HomeRF is a collaboration of several big companies from varied backgrounds
to design a form of wireless LAN (WLAN) that functions in both
the home and small-office environment. This group also is working
towards the development of the SWAP LAN standard.
WLANs are becoming increasingly popular in home and home office
environments much the same way that cordless phones have come to be
integrated into our lifestyle for practically every application. The home
market represents ideal territory because most homes are not built with
LAN cabling and it becomes essential to transport computer resources
from one room to another.
HomeRF’s main concern has been to deploy itself cost effectively in a
WLAN. Since cost is still a limiting factor over wired LANs, most wireless
users cannot justify spending the money to purchase wireless network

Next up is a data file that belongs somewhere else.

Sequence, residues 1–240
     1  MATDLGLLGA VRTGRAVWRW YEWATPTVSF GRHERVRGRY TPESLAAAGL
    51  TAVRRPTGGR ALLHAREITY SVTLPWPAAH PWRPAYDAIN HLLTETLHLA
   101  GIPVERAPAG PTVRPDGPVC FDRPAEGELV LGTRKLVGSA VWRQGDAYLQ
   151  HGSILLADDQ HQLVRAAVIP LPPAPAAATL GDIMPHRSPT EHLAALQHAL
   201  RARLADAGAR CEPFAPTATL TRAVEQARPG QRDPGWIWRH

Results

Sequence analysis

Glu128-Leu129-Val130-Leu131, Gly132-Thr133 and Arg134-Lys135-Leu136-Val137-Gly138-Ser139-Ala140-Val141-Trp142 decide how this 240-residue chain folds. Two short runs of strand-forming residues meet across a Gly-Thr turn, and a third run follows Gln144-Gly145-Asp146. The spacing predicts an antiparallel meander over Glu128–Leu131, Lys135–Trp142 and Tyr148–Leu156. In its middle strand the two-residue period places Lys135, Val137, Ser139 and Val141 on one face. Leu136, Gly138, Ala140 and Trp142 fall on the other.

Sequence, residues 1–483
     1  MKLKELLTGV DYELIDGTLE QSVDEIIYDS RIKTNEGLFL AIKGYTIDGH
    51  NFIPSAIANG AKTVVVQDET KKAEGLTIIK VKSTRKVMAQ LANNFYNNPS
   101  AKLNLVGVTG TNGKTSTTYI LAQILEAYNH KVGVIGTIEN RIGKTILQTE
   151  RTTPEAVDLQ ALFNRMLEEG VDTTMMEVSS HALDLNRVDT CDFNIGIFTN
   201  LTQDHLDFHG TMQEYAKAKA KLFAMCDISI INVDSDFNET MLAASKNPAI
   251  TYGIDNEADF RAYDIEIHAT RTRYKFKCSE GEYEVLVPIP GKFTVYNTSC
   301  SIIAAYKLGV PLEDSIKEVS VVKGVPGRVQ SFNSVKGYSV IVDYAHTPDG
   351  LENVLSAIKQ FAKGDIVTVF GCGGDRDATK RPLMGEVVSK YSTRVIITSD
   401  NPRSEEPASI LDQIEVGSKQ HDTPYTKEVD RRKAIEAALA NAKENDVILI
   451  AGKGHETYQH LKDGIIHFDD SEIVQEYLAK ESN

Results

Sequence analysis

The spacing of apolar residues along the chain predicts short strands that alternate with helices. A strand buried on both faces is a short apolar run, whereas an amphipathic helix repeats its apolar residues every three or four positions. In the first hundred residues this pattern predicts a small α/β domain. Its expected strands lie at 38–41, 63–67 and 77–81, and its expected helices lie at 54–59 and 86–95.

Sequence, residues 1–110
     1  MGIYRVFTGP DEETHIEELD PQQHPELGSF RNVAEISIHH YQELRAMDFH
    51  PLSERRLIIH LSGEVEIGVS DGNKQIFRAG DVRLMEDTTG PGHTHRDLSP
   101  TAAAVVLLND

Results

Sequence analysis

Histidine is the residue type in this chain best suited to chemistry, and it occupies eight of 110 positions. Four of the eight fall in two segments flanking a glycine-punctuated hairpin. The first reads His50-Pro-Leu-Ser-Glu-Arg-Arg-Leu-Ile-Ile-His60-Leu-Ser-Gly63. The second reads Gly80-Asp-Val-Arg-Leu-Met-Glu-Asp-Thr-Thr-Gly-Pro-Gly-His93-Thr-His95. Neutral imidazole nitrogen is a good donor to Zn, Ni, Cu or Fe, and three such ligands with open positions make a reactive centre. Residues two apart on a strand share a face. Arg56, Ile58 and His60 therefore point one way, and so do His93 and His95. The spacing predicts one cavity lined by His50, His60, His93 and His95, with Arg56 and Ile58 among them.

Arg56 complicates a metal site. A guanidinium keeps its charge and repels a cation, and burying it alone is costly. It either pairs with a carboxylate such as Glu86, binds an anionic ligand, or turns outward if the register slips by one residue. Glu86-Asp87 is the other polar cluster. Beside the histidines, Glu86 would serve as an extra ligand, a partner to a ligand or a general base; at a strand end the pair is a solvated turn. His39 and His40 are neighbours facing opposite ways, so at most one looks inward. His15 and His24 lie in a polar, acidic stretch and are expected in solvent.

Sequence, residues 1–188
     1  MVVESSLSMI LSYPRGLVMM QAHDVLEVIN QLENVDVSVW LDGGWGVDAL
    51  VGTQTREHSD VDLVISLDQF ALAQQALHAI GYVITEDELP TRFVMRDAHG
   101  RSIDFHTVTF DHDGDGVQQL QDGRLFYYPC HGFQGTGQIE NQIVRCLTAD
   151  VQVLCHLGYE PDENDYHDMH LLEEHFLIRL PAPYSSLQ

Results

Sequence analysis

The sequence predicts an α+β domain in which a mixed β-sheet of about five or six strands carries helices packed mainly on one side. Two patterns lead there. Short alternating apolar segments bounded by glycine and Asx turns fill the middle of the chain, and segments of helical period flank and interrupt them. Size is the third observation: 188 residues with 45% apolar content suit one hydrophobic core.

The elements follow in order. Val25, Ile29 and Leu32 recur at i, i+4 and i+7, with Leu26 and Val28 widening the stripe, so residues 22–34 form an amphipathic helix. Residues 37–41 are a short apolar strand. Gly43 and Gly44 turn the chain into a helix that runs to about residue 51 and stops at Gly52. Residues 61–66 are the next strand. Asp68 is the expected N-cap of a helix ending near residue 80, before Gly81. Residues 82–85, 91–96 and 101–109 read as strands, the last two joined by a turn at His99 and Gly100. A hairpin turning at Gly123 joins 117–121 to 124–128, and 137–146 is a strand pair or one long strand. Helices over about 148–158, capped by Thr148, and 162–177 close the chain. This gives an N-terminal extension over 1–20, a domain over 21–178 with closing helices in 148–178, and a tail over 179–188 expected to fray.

interfaces cards or a wireless routing access point device. The reason
more and more people are buying 802.11b is that prices have
dropped considerably in 2002, making wireless NIC cards and access
points much more cost effective. Since so many vendors are selling
802.11b, there is a higher degree of competition and pressure to keep
costs competitive, whereas HomeRF really hasn’t taken off as much as
the 802.11 standard has.
802.11 versus SWAP
The 802.11 specification was designed to have more restrictive timing and
filtering patterns as opposed to SWAP, which did not tightly adhere to
these regulations and was therefore easier to implement at lower costs.
Note that MAC is implemented both in the software and digital layers
and doesn’t really factor into the costs involved. SWAP relaxed some
of those hardware constraints in an attempt to make the medium less
complex, but with fewer features and less functionality than its 802.11
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